Montreal Impact Expect Stade Saputo Good Times to Return

Soccer culture builds around a place Impact call home
By Rahul Vaidyanath, Epoch Times
April 24, 2016 5:09 pm Last Updated: April 24, 2016 5:25 pm

MONTREAL—Stade Saputo means everything to the Montreal Impact. It is their true home and central to growing the soccer culture in the region. And while archrival Toronto FC spoiled the sold-out 2016 Stade Saputo opener on Saturday, the Impact expect good times to return.

Stade Saputo is becoming a cathedral for the beautiful game. It is now the only soccer-specific stadium for Canadian MLS teams since BMO Field will now be shared between TFC and the Toronto Argonauts. And it has a natural grass pitch—what soccer is supposed to be played on.

When the Impact speak about Stade Saputo, one word always comes up— intimacy.

“At 20,800, there’s really a feeling of intimacy because the last row here is not very high. It’s like half-way at the Bell Centre,” Impact executive vice-president Richard Legendre told Epoch Times.

To create that intimacy, fans are relatively close to the players on the pitch, can feel their emotions, and can better support them.

“This is home. This is home. This is home,” said Montreal’s Patrice Bernier emphatically. “This is a place where, when you play, there is a closeness with the fans. It’s intimate and we have a tendency to play very well here at home.”

We’re going to bounce back from this.
— Mauro Biello

“You feel more engaged with the fans than you do at Olympic Stadium for sure,” said Harry Shipp, playing in his first season with the Impact after being acquired from Chicago. The Impact’s first two home games were played at the “Big O,” just a stone’s throw away from Stade Saputo.

Montreal goalkeeper Evan Bush says the atmosphere is much better at Stade Saputo than at Olympic Stadium. “Olympic Stadium is good when you get over 40,000, but that’s a rare occasion.

“Here you feel the energy as soon as you walk in the building, especially with the sellout like today.”

 

Soccer Culture Growing

As in 2012—the Impact’s inaugural MLS season—the Montreal Canadiens failed to make the playoffs. But Legendre doesn’t feel that’s a factor boosting the fans’ enthusiasm for the football club.

“More and more, we’re making our place,” Legendre said. “I don’t think it’s because of the Canadiens quite frankly.”

“I would attribute it more to the team, the results last year. Of course, the arrival of Didier Drogba.”

Last year, Montreal reached the MLS playoffs for the second time in its four-year history and won two playoff games before being eliminated by Columbus in the conference semifinal.

This is a place where, when you play, there is a closeness with the fans.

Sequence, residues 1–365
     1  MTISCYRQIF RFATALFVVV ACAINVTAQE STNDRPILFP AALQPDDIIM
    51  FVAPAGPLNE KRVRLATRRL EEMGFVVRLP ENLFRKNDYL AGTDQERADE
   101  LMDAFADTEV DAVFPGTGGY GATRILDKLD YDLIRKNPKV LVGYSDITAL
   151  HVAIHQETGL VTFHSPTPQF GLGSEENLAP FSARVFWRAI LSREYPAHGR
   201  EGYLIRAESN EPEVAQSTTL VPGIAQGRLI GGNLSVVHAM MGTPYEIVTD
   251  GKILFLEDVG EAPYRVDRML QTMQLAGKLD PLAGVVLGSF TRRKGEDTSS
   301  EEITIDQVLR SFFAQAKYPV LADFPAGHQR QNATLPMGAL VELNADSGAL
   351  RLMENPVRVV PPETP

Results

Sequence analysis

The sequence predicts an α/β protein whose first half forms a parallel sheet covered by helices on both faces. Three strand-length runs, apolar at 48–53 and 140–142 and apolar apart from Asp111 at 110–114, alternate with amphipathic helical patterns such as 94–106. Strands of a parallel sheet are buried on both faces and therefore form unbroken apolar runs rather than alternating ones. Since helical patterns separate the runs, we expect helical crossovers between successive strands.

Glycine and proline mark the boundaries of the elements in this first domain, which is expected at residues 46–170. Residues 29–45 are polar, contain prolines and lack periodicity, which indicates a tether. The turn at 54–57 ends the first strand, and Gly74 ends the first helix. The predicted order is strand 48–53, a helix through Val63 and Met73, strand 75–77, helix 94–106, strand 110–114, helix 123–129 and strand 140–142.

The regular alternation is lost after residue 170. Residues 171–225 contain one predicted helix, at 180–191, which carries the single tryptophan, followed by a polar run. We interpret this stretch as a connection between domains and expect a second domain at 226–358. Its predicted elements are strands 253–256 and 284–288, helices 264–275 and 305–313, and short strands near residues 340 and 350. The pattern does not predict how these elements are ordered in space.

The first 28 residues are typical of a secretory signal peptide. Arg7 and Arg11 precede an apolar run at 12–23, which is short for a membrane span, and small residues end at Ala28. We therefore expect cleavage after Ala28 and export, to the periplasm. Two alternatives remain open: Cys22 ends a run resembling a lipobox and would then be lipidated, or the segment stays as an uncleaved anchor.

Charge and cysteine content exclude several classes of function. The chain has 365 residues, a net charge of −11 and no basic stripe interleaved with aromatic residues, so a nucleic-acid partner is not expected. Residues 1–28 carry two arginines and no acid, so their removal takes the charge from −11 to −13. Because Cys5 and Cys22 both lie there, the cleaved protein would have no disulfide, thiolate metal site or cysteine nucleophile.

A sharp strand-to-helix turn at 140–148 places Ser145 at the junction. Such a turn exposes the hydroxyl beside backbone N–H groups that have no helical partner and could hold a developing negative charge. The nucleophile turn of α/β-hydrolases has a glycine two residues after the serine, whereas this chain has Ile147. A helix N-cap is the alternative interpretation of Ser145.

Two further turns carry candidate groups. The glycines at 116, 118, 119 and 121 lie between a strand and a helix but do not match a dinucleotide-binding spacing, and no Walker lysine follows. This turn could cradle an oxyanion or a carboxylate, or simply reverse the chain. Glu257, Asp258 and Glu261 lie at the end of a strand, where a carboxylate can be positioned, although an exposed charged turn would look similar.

— Patrice Bernier

About a year ago, it pulled off a much bigger feat in reaching the CONCACAF Champions League final. Drogba’s signing last summer was another coup as the Ivorian is one of the biggest and most recognizable names in international football. It didn’t hurt that he tore up the league with 11 goals in 11 games.

“You can see now that the people in Montreal, they get it more and more. They like their team and the soccer culture is really developing,” said Legendre.

This year, season ticket sales are up about 50 percent from last year (9,000, up from about 6,300). Saturday’s derby against TFC marked the first Stade Saputo opener sellout. “We see progress. That’s clear,” Legendre said.

Seating 20,801, Stade Saputo is one of the smaller venues in MLS, but unlike BMO Field, there are no expansion plans, according to Legendre.

“Our tickets are very accessible, so we need fill the stadium regularly and then we see how we increase revenues,” he said. There’s always the cavernous Olympic Stadium if weather’s a problem or if additional seating capacity is needed.

A view of Stade Saputo prior to the first MLS match played there between the Montreal Impact and Seattle Sounders on June 16, 2012. Montreal won the game 4– 1. (The Canadian Press/Graham Hughes)
A view of Stade Saputo prior to the first MLS match played there between the Montreal Impact and Seattle Sounders on June 16, 2012. Montreal won the game 4– 1. (The Canadian Press/Graham Hughes)

Party Pooped

The Impact, under coach Mauro Biello, had a perfect 9–0–0 record at home, whether it be Olympic Stadium or Stade Saputo. And Montreal beat Toronto twice at home in a four-day span last October to end the regular season and begin the playoffs.

So Saturday’s 2–0 loss to a defensively resolute TFC comes as a shock result. After allowing the most goals in the league last year, the Reds have allowed the fewest so far this year, while playing all seven of their games on the road.

“The performance today was maybe, arguably our best performance we’ve had in two years in terms of front to back defensive organization,” said TFC coach Greg Vanney.

UFC fighter Georges St-Pierre was on hand to ring Montreal’s goal bell for every Impact goal, but TFC never gave him the chance. Stade Saputo didn’t get its wish.

“I’m sure that if we would’ve scored early in this game, the stadium would have erupted,” Biello said. “But for us, we’re happy to be back here. We’ve got a great stadium, we’ve got great fans.

“We’re going to bounce back from this.”

“It’s a bad day today, but there will be better days in the rest of the season,” Bernier said.

Follow Rahul on Twitter @RV_ETSports